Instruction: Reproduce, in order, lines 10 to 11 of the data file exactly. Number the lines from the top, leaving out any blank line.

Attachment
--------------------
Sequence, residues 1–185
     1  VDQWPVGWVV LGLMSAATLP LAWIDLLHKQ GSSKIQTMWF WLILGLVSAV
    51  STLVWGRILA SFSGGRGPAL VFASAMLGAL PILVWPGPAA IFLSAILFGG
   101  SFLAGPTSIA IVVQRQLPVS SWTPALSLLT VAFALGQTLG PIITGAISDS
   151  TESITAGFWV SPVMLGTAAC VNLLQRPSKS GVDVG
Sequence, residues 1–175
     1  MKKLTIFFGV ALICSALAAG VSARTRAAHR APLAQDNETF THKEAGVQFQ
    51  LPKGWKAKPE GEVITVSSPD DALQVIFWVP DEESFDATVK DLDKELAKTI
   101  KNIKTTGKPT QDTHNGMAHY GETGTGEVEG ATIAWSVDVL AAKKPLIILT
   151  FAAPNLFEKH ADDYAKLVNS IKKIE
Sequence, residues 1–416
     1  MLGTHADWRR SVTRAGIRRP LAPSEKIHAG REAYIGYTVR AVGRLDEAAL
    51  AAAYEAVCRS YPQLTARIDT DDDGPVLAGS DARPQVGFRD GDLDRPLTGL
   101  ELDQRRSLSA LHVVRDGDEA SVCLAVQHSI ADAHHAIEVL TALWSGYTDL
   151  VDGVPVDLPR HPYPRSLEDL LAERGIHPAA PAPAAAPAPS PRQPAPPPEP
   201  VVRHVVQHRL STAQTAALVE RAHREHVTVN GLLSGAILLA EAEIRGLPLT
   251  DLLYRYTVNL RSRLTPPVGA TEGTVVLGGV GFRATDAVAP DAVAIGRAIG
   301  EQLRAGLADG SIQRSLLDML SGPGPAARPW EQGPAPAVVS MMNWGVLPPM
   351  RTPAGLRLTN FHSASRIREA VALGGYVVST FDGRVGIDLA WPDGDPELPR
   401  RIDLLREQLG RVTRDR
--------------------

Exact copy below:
   151  FAAPNLFEKH ADDYAKLVNS IKKIE
Sequence, residues 1–416